Sunday, November 28, 2010

Vote on a Readalong Book

I recently asked for suggestions of what you all might like to readalong with me next year and I got so many fabulous suggestions I can't make up my mind. Thank you to you all for your suggestions! Additionally, I stumbled across another book I'd really like to read so I've thrown it into the mix. I've narrowed it down to the ones I think I would really like to read in the next year and even this was hard!...I asked for American suggestions because European classics scare me. Also, I think they get a lot of attention already in the world, and I've been surprised by how much I've been enjoying these American books.

If you'd be interested in reading along with me please vote on which book most interests you. There will be two readalongs one starting in April and one in October so that's why each book is listed twice.

The Choices (summaries taken from goodreads--which is why some of them are lame):
Winter's Tale
The Winter's Tale by Mark Helprin
New York City is subsumed in arctic winds, dark nights, and white lights, its life unfolds, for it is an extraordinary hive of the imagination, the greatest house ever built, and nothing exists that can check its vitality. One night in winter, Peter Lake--orphan and master-mechanic, attempts to rob a fortress-like mansion on the Upper West Side.

Though he thinks the house is empty, the daughter of the house is home. Thus begins the love between Peter Lake, a middle-aged Irish burglar, and Beverly Penn, a young girl, who is dying.

Peter Lake, a simple, uneducated man, because of a love that, at first he does not fully understand, is driven to stop time and bring back the dead. His great struggle, in a city ever alight with its own energy and beseiged by unprecedented winters, is one of the most beautiful and extraordinary stories of American literature.

East of Eden by John Steinbeck

East of Eden

The masterpiece of one of the greatest American writers of all time. East of Eden is an epic tale of good vs. evil with many biblical references and parallels. The story is ultimately that of good's triumph over evil and the human will's ability to make that happen.

Roots by Alex Haley


This "bold . . . extraordinary . . . blockbuster . . ." (Newsweek) begins with a birth in 1750, in an African village; it ends seven generations later at the Arkansas funeral of a black professor whose children are a teacher, a Navy architect, an assistant director of the U.S. Information Agency, and an author. The author is Alex Haley.

John Adams by David McCullough

One of America's greatest storytellers has turned to one of America's greatest stories as the source for his most recent inspiration: a tale of one of the most influential, and often the most misunderstood, Founding Fathers: John Adams. The result is a tour de force and pure joy for the reader.

Angle of Repose by Wallace Stegner

Angle of Repose tells the story of Lyman Ward, a retired professor of history and author of books about the Western frontier, who returns to his ancestral home of Grass Valley, California, in the Sierra Nevada. Wheelchair-bound with a crippling bone disease and dependent on others for his every need, Ward is nonetheless embarking on a search of monumental proportions - to rediscover his grandmother, now long dead, who made her own journey to Grass Valley nearly a hundred years earlier. Like other great quests in literature, Lyman Ward's investigation leads him deep into the dark shadows of his own life.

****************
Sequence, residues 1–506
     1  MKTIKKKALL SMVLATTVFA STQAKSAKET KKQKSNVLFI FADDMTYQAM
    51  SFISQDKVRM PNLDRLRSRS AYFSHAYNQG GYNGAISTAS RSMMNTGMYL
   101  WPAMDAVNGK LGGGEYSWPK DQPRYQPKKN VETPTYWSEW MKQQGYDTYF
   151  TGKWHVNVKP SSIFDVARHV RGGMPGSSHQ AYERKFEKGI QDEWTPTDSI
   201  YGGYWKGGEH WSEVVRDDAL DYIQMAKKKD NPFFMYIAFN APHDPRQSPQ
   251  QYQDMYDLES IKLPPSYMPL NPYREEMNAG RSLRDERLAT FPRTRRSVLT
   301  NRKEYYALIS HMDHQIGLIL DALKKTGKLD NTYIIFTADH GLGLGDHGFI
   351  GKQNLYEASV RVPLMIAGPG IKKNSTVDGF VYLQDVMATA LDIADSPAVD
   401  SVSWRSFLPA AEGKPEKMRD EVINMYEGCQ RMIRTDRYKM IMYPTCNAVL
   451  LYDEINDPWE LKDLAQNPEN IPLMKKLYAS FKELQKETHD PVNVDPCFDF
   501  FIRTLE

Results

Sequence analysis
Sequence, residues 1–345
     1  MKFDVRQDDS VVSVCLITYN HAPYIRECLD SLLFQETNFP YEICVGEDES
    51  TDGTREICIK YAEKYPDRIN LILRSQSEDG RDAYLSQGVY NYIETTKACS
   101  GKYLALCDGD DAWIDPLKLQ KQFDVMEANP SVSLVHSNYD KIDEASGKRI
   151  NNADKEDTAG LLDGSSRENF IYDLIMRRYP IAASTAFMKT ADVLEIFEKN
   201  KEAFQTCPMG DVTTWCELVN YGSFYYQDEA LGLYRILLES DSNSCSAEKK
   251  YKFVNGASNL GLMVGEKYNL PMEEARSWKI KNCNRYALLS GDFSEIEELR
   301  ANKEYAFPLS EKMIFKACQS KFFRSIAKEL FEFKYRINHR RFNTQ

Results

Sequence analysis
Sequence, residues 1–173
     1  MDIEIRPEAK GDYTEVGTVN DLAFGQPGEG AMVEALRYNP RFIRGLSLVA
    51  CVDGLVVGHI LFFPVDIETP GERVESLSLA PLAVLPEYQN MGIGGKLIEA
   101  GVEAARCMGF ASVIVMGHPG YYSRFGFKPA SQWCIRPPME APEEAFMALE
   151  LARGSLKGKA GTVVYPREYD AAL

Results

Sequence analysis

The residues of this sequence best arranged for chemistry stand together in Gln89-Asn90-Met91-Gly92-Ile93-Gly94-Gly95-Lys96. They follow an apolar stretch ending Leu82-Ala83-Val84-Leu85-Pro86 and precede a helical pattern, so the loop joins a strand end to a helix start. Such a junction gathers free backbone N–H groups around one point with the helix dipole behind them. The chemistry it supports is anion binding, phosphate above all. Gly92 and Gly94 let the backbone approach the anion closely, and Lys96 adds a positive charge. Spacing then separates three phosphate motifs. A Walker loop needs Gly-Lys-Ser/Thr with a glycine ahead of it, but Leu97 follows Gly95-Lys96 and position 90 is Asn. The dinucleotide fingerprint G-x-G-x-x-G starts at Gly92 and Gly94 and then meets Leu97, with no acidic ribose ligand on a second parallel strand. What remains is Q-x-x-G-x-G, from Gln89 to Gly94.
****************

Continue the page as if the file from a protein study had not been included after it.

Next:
Five Smooth Stones by Ann Fairbairn
Five Smooth Stones
This gripping bestseller, first published in 1966, has continued to captivate readers with its wide-ranging yet intimate portrait of an America sundered by racial conflict. David Champlin is a black man born into poverty in Depression-era New Orleans who makes his way up the ladder of success, only to sacrifice everything to lead his people in the civil rights movement. Sara Kent is the white girl who loves David from the moment she first sees him, and who struggles against his belief that a marriage for them would be wrong in the violent world he has to confront. And the “five smooth stones” are those the biblical David carried against Goliath. By the time this novel comes to its climax of horror, bloodshed, and hope, readers will be convinced that its enduring popularity is fully justified.

This one is not American but I'd love to read it (and being Australian still really fits why I wanted American classics):
The Thorn Birds by Colleen McCullough

thorn birds

Powered by the dreams and struggles of three generations, THE THORN BIRDS is the epic saga of a family rooted in the Australian sheep country. At the story's heart is the love of Meggie Cleary, who can never possess the man she desperately adores, and Ralph de Bricassart, who rises from parish priest to the inner circles of the Vatican...but whose passion for Meggie will follow him all the days of his life.

Please vote and please readalong! (if you're reading this in a feed reader you'll have to click through for the poll...sorry!)


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